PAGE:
Two monster wildfires rage in California, Trump blames 'forest mismanagement'

VIDEO: REUTERS
VIDEO: REUTERS
Driven by high winds and dry conditions, the blaze dubbed the Camp Fire swept through the town of Paradise, California, on Nov 8, 2018.
Driven by high winds and dry conditions, the blaze dubbed the Camp Fire swept through the town of Paradise, California, on Nov 8, 2018. PHOTO: AFP
Hospital workers and first responders evacuate patients from the Feather River Hospital as the Camp Fire moves through the area in Paradise, California, on Nov 8, 2018.
Hospital workers and first responders evacuate patients from the Feather River Hospital as the Camp Fire moves through the area in Paradise, California, on Nov 8, 2018.PHOTO: AFP
A hospital worker embraces her co-worker as they evacuate patients from the Feather River Hospital during the Camp Fire in Paradise, California, on Nov 8, 2018.
A hospital worker embraces her co-worker as they evacuate patients from the Feather River Hospital during the Camp Fire in Paradise, California, on Nov 8, 2018.PHOTO: AFP
A home burns as the Camp Fire moves through the area in Paradise, California, on Nov 8, 2018.
A home burns as the Camp Fire moves through the area in Paradise, California, on Nov 8, 2018.PHOTO: AFP

PARADISE, California  (REUTERS) – Two monster wildfires burned out of control on Saturday (Nov 10) in northern and southern California, having already killed at least nine people and forced hundreds of thousands to flee their homes. 

President Donald Trump blamed the fires on forest mismanagement and threatened to withdraw related federal funding. 

In Los Angeles County, the 14,164 ha Woolsey Fire was threatening 75,000 homes and more than 200,000 people were under mandatory evacuation early on Saturday. 

Some of the evacuation orders were for residents within the City of Los Angeles in the West Hills area. It was unclear how many homes have been evacuated within the City of Los Angeles. 

Some 800km to the north, nine people were found dead in and around the Northern California town of Paradise, where more than 6,700 homes and businesses were burned down by the Camp Fire. That made it one of the most destructive blazes in state history, according to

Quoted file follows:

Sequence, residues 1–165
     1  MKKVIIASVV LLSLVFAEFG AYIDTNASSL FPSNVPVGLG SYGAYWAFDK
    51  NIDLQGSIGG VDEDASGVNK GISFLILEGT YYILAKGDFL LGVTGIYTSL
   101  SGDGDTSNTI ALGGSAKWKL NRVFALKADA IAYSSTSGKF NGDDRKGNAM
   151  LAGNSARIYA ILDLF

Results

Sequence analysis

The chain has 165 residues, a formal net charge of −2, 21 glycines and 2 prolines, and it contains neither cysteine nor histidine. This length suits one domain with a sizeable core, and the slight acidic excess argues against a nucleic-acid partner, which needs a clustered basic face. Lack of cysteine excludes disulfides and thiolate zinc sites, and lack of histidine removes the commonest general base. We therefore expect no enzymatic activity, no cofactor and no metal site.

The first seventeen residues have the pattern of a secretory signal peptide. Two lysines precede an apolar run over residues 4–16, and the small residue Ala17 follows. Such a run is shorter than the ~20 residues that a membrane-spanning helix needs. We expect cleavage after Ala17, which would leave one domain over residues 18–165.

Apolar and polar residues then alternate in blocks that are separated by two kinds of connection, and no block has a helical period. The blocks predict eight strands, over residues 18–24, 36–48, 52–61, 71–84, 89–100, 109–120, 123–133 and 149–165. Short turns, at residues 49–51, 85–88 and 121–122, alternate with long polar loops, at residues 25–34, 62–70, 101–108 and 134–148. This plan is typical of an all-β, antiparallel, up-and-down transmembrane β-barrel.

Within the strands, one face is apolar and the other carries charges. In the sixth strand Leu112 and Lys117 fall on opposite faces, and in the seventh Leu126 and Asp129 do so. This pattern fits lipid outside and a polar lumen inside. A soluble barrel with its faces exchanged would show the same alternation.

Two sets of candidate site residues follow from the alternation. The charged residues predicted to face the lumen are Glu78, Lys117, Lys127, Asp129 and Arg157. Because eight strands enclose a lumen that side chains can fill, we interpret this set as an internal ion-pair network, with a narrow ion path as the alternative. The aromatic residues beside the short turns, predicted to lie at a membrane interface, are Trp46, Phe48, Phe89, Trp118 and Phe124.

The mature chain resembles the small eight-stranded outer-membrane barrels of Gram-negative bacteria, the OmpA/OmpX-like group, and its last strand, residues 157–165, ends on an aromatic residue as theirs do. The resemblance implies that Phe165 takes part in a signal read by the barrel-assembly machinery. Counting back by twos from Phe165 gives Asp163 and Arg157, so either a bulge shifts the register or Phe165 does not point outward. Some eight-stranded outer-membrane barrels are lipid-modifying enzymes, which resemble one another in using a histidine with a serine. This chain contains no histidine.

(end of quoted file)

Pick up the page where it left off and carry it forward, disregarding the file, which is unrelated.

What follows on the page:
California Department of Forestry and Fire protection data. 

“This event was the worst-case scenario. It was the event we have feared for a long time,” Butte County Sheriff Kory Honea said at a Friday (Nov 9) evening press conference. “Regrettably, not everybody made it out.” 

 
 
 

Mr Trump early on Saturday tweeted that “gross mismanagement of forests” was to blame for the two unchecked wildfires. 

“There is no reason for these massive, deadly and costly forest fires in California except that forest management is so poor,” he wrote in a Twitter post. 

“Billions of dollars are given each year, with so many lives lost, all because of gross mismanagement of the forests. Remedy now, or no more Fed payments!” he added. 

The remains of five of the victims in Northern California were discovered in or near burned out cars, three outside residences and one inside a home, Butte County’s Honea said. 

Another 35 people had been reported missing and three firefighters had been injured. 

The flames descended on Paradise so quickly that many people were forced to abandon their cars and run for their lives down the sole road through the mountain town. 

The Camp Fire, which broke out on Thursday (Nov 8) at the edge of the Plumas National Forest northeast of Sacramento, has since blackened more than 36,400 ha and was only 5 per cent contained as of nightfall on Friday.